*Speaking of Exodus, I got bogged down around God’s description of building the Ark of the Covenant in my “read the Bible in a year” project and recently had to do some MAJOR catching up. Helpful Mom: “That’s nothing hon, wait’ll you get to Leviticus!”

*My calculus teacher nearly gave me a heart attack yesterday when he said, “You’re all aware that there’s an exam?” I  blurted out, “Today??” He corrected me “Next week.” Not sure how long it took for my pulse to return to normal. A while. It’s next Friday. If the blog sorta, you know, goes dark for a month or so afterwards, you’ll know I didn’t make it. Tell Wes Hampton I had a crush on him… (JUST KIDDING, JUST KIDDING, JUST KIDDING!!!)

*This is pretty dadgum gorgeous stuff…

Errrrhm, Wayne, about that solo album?

It’s an open thread folks!

Should Gospel Singers Preach at People?

This half of the week is going to be very busy for me this semester, so I’ve decided to write something today that will hopefully generate good discussion for a little while. The topic is preaching from the stage. Is it a good thing or not?

Well, certain churches amazingly take the latter view. As most southern gospel fans are aware of by now, Scott Fowler can tell you from personal experience that he’s been forbidden even to speak the name of Jesus from a church platform. On one occasion, the Booth Brothers were told not to sing the song “Under God,” because the unapologetic message of our country’s disregard for the very thing it needs most (God’s providence), might be offensive.

Also, one can observe different philosophies among the Southern Gospel artist community about what approach to take. Some, like Fowler or Booth, or Gerald Wolfe for that matter, are strident and unapologetic about presenting a comprehensive gospel message night after night. Others choose to stick with the gospel in the music in order to be less polarizing. They avoid “preaching.”

By now you may have guessed that I’m a firm believer in “preaching.” I understand the considerations that may lead certain gospel singers to be be less in-depth and specific about the gospel than, say, Michael Booth. At the same time, I find Booth’s approach (and the approach of others like him), to be incredibly appealing, and in fact necessary in today’s culture.

Let me explain why I say this: Either a concert-goer is saved or unsaved. If he is saved, his heart will rejoice to hear the gospel stridently proclaimed. If he is unsaved, he will or will not encounter the gospel at some point in his life. If he does not encounter the gospel in the course of his life, he will die in his sins without knowing the grace of Jesus. If he does encounter the gospel in the course of his life, he will either embrace it or reject it. If he rejects it, he will die in his sins without knowing the grace of Jesus. If he embraces it, he will know the grace of Jesus and live forever with Him.

Following that logic, it becomes apparent that gospel singers have nothing to lose by preaching gospel truth from the stage. In fact, they have everything to gain—souls for Christ. Consider this: The logic behind the “don’t preach” approach is that people will be offended and pushed away from Christianity. I offer this question in response: If they are repulsed by the gospel as preached at a Booth Brothers concert or a Legacy Five concert, but later they find a way to “become Christians” without accepting what they found repulsive there, what exactly have they become? What Jesus have they found? What gospel have they accepted? I tell you now that it is not that same Jesus whom we read of in the pages of Holy Scripture, and it is not that same gospel that was delivered to the apostles and has been passed down through generations of saints. Mankind, through the fall, through his fundamentally sinful human nature, IS offended by the gospel. It is only the very simple or the very young who hear it and accept it immediately with no hint of pride or discomfort.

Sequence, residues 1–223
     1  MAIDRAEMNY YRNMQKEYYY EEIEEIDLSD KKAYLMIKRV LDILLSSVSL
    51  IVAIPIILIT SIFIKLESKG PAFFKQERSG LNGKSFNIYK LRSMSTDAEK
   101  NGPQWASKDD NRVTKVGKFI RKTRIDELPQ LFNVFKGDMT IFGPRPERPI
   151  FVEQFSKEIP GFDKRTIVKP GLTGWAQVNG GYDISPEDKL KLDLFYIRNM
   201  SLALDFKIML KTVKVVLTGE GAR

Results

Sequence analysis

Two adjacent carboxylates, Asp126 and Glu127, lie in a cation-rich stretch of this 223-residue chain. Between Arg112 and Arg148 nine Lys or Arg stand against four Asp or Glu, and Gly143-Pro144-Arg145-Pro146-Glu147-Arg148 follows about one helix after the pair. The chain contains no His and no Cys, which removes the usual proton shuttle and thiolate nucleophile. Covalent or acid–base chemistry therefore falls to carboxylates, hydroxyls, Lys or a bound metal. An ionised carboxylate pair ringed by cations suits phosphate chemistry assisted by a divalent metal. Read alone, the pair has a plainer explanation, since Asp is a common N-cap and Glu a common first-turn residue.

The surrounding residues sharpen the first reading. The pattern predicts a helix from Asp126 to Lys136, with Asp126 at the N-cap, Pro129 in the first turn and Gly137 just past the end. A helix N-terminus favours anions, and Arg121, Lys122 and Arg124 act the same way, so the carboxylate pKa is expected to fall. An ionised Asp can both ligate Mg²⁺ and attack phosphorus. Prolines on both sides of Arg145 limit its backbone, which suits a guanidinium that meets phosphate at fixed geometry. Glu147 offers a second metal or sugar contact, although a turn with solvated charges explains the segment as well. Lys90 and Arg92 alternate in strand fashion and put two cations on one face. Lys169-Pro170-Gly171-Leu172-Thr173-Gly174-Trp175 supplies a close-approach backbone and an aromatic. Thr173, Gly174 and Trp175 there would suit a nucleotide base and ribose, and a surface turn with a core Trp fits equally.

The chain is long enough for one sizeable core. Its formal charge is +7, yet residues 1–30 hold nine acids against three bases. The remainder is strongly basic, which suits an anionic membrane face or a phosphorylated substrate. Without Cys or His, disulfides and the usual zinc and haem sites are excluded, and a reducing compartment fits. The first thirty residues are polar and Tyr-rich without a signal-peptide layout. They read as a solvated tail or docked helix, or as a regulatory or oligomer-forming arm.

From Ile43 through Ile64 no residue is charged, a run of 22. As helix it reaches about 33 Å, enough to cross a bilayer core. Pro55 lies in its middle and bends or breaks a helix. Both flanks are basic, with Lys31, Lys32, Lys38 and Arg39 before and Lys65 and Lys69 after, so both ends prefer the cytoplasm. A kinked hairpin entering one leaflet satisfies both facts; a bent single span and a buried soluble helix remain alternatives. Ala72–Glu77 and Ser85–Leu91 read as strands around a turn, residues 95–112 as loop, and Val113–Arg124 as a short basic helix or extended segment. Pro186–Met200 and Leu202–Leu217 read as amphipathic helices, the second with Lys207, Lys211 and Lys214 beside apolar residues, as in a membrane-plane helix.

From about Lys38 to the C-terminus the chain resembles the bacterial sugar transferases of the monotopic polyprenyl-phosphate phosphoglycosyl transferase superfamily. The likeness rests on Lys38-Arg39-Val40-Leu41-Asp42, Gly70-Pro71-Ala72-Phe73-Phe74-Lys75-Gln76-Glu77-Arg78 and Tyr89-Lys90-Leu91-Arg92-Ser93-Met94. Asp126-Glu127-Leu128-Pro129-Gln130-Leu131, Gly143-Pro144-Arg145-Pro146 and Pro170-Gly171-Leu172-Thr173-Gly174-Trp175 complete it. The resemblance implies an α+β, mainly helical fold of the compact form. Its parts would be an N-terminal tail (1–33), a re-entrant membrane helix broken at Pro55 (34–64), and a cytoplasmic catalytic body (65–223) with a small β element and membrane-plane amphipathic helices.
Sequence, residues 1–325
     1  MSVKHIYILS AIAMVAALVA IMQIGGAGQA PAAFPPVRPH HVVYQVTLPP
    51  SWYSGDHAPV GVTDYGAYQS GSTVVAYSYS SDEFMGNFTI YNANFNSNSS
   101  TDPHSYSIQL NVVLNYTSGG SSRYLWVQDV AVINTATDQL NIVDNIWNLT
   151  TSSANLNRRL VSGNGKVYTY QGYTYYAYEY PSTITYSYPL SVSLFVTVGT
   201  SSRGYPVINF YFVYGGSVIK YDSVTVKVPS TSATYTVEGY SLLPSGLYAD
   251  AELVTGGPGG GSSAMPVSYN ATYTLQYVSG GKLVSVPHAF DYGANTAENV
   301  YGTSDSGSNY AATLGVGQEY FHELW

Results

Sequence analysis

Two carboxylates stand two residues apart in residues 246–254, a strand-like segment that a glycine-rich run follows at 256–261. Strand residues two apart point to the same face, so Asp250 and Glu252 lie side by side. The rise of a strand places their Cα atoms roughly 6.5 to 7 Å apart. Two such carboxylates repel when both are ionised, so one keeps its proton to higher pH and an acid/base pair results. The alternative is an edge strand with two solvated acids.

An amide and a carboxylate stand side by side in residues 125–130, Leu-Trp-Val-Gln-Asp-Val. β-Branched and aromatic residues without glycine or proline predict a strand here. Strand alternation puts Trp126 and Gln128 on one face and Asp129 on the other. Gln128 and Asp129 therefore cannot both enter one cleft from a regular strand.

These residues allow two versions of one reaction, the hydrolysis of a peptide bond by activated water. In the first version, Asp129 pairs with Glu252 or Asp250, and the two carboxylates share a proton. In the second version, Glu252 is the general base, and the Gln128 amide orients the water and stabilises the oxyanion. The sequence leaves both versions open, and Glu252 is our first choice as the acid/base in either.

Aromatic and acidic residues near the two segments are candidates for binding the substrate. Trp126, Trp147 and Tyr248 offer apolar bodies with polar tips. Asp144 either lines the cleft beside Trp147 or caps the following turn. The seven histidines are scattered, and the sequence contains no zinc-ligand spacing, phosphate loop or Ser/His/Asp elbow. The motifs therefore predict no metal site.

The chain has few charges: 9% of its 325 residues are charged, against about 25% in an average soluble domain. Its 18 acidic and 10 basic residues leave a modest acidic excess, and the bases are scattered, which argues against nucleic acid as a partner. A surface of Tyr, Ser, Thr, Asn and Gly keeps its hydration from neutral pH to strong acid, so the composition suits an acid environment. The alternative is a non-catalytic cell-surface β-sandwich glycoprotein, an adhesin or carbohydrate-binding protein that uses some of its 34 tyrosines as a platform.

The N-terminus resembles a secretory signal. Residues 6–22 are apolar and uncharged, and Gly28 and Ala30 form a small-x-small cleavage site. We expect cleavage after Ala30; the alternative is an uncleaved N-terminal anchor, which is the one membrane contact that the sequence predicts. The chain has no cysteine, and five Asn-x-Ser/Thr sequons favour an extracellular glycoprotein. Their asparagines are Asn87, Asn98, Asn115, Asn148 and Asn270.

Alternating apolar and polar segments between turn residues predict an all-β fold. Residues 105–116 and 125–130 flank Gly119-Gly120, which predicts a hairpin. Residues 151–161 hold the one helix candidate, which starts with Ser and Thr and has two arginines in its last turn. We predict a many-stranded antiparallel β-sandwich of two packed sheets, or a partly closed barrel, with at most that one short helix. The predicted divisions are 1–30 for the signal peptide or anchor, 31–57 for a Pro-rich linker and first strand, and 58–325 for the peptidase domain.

So I say the response of the gospel singer when they encounter people who have been offended by their presentation of the gospel should be “Good! That means you were listening.” And their reaction to those who express satisfaction that they weren’t preached at should be, “What are we doing wrong?”

Gaither and Clean Comedy

I love comedy. I have a strange sense of humor (thanks Mom and Dad). I go around sampling Christian comedians all the time. Others have their particular favorites, but I always have trouble picking a favorite because I can appreciate each comedian’s unique style. There’s nothing I love better than a truly  hilarious joke told well. Unless… it’s off-color. Those kinds of jokes turn me off. I simply don’t find them funny or appealing. If you’re on a good clean roll, but you stop to drop a dirty joke, it takes a lot of the fun out of it for me.

By and large, the jokes you’ll hear at a Gaither event are family-friendly. Even though Mark Lowry will occasionally come out with something a little crude-sounding (e.g. “He’s little but fertile”), Bill makes a big show of looking embarrassed and disassociating himself from it all, which tends to mitigate any awkward effects and just make it a cute “There goes Mark again” moment.